After more than a century of storied life, the legendary Lawrence Ferlinghetti died Monday at the age of 101 after a battle with interstitial lung disease, according to his daughter. Over the course of the 70 years he lived in San Francisco, the poet, publisher and activist was instrumental in shaping the city’s revolutionary spirit.
Throughout Tuesday, people flocked to North Beach to pay respects, to mourn and celebrate the man and the icon who will forever be tied to the Beat generation.
Along the sidewalk in front of the famed City Lights Booksellers & Publishers on Columbus Avenue, where Ferlinghetti first opened the doors in 1953 as a “literary meeting place,” fans and friends left flowers, candles, cigarettes, handwritten poems and a Pabst tall can for good measure.
By the end of the night, the sidewalk and adjacent Jack Kerouac Alley were adorned in chalk drawings of Ferlinghetti’s image and prose.
“Poetry is eternal graffiti written in the heart of everyone.” — Lawrence Ferlinghetti
The publishing piece of City Lights came two years after the bookstore opened, and in 1956 was the center of controversy when Ferlinghetti was arrested and charged for “willingly and lewdly” printing Allen Ginsberg’s “Howl,” which authorities considered obscene.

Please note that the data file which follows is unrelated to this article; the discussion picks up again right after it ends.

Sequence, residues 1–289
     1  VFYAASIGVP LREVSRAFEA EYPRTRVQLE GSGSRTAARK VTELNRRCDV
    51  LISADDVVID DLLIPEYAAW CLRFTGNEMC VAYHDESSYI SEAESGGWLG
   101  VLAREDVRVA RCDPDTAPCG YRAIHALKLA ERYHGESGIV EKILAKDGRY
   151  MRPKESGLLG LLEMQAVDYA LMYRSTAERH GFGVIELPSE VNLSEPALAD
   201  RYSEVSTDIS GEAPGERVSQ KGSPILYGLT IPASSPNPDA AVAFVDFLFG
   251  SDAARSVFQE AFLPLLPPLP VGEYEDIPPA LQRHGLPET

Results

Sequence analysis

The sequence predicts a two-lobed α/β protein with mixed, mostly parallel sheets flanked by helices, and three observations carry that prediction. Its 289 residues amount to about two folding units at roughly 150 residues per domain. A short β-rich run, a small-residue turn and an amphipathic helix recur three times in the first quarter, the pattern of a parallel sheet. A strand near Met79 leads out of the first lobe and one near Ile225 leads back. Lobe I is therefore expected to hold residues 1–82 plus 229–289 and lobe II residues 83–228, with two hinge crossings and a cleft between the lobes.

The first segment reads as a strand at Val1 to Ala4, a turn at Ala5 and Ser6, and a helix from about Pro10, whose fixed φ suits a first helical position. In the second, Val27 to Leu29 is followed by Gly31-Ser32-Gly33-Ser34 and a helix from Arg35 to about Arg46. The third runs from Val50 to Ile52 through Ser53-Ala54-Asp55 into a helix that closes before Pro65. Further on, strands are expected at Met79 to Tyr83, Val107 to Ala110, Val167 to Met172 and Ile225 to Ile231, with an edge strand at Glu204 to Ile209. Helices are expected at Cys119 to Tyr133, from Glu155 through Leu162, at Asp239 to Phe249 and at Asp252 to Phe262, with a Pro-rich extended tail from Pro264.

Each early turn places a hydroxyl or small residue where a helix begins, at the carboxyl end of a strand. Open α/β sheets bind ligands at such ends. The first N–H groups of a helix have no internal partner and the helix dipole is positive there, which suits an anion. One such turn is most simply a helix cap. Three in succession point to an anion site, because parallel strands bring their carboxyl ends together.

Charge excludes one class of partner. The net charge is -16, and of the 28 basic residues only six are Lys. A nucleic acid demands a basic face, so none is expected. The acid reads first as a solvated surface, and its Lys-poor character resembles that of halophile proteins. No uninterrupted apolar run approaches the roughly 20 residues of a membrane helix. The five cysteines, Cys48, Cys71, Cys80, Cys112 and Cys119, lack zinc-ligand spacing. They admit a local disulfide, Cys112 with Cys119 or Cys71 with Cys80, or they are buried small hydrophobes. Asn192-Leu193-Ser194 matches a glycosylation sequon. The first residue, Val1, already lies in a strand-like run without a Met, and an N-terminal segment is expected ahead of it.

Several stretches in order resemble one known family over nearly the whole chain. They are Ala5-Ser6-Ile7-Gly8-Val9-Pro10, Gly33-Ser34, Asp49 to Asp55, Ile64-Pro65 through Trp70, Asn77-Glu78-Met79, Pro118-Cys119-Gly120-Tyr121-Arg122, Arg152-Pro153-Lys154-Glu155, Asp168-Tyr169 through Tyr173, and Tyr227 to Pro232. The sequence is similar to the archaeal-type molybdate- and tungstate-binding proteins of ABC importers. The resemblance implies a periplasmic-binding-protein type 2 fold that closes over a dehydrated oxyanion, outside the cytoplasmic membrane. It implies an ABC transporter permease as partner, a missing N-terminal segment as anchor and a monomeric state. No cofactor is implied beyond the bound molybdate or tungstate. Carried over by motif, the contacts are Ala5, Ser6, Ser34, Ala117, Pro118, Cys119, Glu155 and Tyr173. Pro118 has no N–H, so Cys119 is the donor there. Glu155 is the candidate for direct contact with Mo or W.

He was eventually acquitted and the case set precedent in First Amendment law.
A prolific writer in his own right, his “Coney Island of the Mind” poetry collection, published in 1958, sold more than one million copies worldwide.
Before emerging as a revolutionary in word and deed, Ferlinghetti climbed the ranks of education, earning a doctorate from Université de Paris, and military service, where he served as a submarine commander in the U.S. Navy during World War II.
It was the devastation he saw at Nagasaki that would mold his distaste for war and his drive to “raise the consciousness” of the people through poetry.
In “From Poetry as Insurgent Art,” he wrote:
“What are poets for, in such an age?
What is the use of poetry?
The state of the world calls out for poetry to save it.
If you would be a poet, create works capable of answering the challenge of apocalyptic times, even if this meaning sounds apocalyptic.
You are Whitman, you are Poe, you are Mark Twain, you are Emily Dickinson and Edna St. Vincent Millay, you are Neruda and Mayakovsky and Pasolini, you are an American or a non-American, you can conquer the conquerors with words….”